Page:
Location: Vegetable Crops ResearchTitle: Ethylene update) Author
Submitted to: Proceedings Wisconsin Annual Potato Meetings
Publication Type: Proceedings
Publication Acceptance Date: 1/24/2013
Publication Date: 2/5/2013
Citation: Bethke, P.C. 2013. Ethylene update [abstract]. Proceedings Wisconsin Annual Potato Meetings. p. 141. Interpretive Summary:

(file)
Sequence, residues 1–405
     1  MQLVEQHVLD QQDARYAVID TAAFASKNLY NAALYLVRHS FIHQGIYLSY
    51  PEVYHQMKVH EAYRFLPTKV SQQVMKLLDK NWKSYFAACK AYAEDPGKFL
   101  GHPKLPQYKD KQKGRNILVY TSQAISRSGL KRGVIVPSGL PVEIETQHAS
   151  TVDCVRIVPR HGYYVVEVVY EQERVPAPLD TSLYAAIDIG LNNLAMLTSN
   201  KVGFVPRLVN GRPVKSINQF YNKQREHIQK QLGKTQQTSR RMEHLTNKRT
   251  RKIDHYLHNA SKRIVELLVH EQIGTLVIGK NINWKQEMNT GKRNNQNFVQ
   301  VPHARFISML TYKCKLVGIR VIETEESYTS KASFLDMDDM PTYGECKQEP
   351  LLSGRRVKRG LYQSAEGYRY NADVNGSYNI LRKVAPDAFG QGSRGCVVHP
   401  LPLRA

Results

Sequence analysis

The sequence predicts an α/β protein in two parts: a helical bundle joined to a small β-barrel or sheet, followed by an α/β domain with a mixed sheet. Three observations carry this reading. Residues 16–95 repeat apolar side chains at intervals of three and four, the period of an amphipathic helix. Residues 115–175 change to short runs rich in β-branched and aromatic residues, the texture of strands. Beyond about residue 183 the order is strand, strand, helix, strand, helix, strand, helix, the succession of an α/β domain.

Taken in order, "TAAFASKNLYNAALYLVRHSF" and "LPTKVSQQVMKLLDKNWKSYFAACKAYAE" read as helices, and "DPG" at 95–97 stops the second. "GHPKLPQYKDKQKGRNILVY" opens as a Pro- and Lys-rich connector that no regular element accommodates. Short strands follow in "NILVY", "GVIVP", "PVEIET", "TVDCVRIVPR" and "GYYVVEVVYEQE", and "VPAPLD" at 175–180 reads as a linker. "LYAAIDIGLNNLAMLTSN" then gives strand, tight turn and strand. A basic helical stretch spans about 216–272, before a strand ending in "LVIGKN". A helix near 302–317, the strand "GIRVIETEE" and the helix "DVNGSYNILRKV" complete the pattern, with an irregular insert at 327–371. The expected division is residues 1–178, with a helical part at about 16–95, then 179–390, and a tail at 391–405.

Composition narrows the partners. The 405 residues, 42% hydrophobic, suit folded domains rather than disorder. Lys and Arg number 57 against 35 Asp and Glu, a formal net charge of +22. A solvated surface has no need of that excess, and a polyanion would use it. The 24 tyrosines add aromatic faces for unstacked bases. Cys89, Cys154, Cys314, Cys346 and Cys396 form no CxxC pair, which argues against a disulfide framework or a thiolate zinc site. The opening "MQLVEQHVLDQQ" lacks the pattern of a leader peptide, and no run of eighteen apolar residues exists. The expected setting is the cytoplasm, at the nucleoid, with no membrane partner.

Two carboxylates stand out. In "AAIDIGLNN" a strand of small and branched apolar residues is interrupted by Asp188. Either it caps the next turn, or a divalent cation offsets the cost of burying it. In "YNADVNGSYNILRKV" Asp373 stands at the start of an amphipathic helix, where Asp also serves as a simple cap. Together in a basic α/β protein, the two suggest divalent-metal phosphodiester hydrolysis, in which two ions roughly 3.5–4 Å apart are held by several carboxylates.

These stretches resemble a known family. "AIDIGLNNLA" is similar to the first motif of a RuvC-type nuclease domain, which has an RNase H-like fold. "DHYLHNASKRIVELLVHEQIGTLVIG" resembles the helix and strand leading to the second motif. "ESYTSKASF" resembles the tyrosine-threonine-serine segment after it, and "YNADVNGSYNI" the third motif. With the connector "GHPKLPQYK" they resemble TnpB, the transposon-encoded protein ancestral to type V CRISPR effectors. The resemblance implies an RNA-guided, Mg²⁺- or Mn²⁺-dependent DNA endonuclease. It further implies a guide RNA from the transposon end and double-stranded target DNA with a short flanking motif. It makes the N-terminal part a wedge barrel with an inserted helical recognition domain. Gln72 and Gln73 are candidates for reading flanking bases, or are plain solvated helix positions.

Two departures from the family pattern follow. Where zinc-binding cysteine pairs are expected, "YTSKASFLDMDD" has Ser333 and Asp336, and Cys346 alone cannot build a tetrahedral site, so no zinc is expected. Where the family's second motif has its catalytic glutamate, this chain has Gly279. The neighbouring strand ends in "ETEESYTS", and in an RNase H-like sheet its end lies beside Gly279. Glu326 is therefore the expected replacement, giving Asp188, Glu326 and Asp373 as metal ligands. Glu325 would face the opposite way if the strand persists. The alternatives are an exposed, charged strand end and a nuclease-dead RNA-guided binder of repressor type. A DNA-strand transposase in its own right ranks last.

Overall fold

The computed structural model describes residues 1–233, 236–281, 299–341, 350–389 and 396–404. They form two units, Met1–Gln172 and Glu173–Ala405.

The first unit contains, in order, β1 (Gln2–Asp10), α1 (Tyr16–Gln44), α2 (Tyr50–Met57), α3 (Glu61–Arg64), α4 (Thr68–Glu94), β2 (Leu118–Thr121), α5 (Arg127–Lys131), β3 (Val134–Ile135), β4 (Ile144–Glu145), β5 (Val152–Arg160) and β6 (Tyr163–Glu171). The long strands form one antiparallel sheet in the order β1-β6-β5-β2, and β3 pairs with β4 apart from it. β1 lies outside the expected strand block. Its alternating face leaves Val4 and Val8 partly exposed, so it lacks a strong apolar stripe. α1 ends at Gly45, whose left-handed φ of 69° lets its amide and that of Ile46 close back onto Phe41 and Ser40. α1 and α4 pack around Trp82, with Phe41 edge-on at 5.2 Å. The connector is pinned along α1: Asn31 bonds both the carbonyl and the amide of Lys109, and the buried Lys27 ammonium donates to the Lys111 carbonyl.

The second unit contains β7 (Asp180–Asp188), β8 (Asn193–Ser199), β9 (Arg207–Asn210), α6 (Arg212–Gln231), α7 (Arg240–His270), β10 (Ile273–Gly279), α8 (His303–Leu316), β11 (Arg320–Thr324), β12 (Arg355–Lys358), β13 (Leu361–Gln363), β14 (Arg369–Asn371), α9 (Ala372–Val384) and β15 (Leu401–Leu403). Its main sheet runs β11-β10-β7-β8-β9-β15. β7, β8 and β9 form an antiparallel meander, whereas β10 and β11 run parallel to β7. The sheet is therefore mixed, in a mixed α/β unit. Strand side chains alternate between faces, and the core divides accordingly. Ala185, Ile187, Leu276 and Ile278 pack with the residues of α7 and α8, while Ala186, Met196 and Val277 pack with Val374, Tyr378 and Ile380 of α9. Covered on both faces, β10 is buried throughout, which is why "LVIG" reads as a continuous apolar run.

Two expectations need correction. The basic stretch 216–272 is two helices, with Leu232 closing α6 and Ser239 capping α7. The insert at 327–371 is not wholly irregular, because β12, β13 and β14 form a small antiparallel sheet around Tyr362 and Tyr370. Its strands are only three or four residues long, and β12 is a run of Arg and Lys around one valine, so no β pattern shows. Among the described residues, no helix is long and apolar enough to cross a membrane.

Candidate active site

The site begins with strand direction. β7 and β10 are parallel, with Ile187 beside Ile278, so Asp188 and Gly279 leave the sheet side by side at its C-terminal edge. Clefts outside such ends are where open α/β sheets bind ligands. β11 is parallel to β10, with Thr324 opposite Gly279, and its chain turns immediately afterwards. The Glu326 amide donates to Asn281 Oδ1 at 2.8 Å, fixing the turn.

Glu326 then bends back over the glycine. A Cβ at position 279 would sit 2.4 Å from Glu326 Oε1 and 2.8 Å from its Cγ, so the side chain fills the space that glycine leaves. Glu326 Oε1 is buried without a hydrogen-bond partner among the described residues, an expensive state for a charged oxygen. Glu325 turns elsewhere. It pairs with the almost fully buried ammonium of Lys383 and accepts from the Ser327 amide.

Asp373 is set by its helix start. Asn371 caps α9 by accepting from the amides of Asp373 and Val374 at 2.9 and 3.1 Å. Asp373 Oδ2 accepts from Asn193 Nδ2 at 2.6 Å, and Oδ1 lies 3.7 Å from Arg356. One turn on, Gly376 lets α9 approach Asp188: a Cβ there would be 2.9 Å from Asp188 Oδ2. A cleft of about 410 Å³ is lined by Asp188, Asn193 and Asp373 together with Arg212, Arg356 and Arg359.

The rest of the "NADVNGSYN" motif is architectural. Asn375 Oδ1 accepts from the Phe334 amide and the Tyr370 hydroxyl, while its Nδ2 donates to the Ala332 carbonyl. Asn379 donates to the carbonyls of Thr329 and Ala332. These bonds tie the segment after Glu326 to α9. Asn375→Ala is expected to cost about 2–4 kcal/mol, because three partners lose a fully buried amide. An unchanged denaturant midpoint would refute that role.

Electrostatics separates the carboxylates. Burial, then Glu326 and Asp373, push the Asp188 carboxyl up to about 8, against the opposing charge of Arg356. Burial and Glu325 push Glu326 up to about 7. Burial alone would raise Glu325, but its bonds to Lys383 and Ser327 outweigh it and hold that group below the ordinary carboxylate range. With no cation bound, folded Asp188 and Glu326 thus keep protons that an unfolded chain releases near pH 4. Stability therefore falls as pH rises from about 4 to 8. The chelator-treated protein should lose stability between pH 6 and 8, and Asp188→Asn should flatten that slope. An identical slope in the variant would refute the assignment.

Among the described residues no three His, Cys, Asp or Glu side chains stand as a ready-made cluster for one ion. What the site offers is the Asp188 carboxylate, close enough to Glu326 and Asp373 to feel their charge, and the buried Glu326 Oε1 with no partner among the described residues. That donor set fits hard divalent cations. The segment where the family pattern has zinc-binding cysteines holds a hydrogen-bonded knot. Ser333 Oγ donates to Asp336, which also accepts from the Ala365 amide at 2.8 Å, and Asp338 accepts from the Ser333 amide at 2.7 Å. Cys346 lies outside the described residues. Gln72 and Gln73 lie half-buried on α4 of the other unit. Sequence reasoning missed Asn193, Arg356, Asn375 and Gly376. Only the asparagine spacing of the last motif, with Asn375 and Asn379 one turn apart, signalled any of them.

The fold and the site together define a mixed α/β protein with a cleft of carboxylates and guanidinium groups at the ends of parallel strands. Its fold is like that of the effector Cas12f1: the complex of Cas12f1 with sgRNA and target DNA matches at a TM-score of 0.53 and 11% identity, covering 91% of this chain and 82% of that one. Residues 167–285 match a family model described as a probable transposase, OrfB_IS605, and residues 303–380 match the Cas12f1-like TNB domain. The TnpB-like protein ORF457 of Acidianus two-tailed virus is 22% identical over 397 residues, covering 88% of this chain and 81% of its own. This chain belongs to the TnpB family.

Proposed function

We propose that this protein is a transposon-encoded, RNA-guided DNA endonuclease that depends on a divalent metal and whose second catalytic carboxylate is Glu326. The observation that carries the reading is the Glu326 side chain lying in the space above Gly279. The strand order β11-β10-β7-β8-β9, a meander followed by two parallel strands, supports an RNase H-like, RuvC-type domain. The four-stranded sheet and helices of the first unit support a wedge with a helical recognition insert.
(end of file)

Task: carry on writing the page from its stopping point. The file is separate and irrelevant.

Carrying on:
Technical Abstract: The gaseous plant hormone ethylene is required for many aspects of plant growth, development and responses to the environment. Potato tubers produce low amounts of ethylene and are highly sensitive to ethylene in the atmosphere. Several responses of potato tubers to endogenous and exogenous ethylene have been described. Endogenous ethylene promotes the establishment of microtuber dormancy. Exogenous ethylene increases tuber respiration rates, affects tuber dormancy and sprouting, and can increase tuber reducing sugar concentrations. Potato tuber respiration rates have been shown to increase at concentrations as low as 0.15 µl L-1 (150 ppb) for cv. White Rose. Despite the potential for ethylene to adversely affect the stored potato crop, there is little information on the amount of ethylene present in the atmosphere of ventilated potato storage facilities. In the absence of this information, informed decisions cannot be made about the need for ethylene monitoring equipment and storage management based on ethylene concentration. Likewise, there is insufficient information on the sensitivity to ethylene of recently developed potato varieties, especially processing potatoes that are bred for long-term storage and low reducing sugar contents. Decreased ethylene sensitivity could contribute to these goals when ethylene is present in the atmosphere by minimizing the adverse effects of ethylene on tuber reducing sugars and respiration rate. In order to better assess the importance of ethylene in the storage atmosphere, measurements of atmospheric ethylene content were made in research and commercial potato storage bins. In most cases, measurements were made from shortly after bins were filled until they were emptied. These data show that ethylene is present in potato storage bins at very low concentrations, and that these concentrations are sufficient to affect stored tuber respiration rates. Several clones of interest to the chip community were examined and these differed in basal respiration rate and differed in the extent that they increased respiration rate when exposed to low amounts of ethylene. Varieties with more stable rates of respiration and with lower basal rates of respiration are likely to be easier to store, and this is a line of investigation that we currently pursuing.